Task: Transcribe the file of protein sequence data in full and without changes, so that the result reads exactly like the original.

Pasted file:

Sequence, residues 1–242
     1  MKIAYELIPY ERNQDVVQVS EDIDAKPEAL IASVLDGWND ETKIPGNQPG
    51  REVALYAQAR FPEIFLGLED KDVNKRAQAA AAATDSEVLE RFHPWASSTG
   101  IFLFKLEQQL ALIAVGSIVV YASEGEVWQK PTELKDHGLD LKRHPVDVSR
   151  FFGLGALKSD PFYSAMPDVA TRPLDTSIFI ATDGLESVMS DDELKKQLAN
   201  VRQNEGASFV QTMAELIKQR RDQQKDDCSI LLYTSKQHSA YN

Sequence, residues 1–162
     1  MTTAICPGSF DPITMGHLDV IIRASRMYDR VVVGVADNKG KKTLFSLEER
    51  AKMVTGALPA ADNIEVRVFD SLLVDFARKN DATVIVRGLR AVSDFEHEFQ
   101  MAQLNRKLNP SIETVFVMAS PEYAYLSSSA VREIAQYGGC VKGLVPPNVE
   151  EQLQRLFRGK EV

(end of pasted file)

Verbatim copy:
Sequence, residues 1–242
     1  MKIAYELIPY ERNQDVVQVS EDIDAKPEAL IASVLDGWND ETKIPGNQPG
    51  REVALYAQAR FPEIFLGLED KDVNKRAQAA AAATDSEVLE RFHPWASSTG
   101  IFLFKLEQQL ALIAVGSIVV YASEGEVWQK PTELKDHGLD LKRHPVDVSR
   151  FFGLGALKSD PFYSAMPDVA TRPLDTSIFI ATDGLESVMS DDELKKQLAN
   201  VRQNEGASFV QTMAELIKQR RDQQKDDCSI LLYTSKQHSA YN

Sequence, residues 1–162
     1  MTTAICPGSF DPITMGHLDV IIRASRMYDR VVVGVADNKG KKTLFSLEER
    51  AKMVTGALPA ADNIEVRVFD SLLVDFARKN DATVIVRGLR AVSDFEHEFQ
   101  MAQLNRKLNP SIETVFVMAS PEYAYLSSSA VREIAQYGGC VKGLVPPNVE
   151  EQLQRLFRGK EV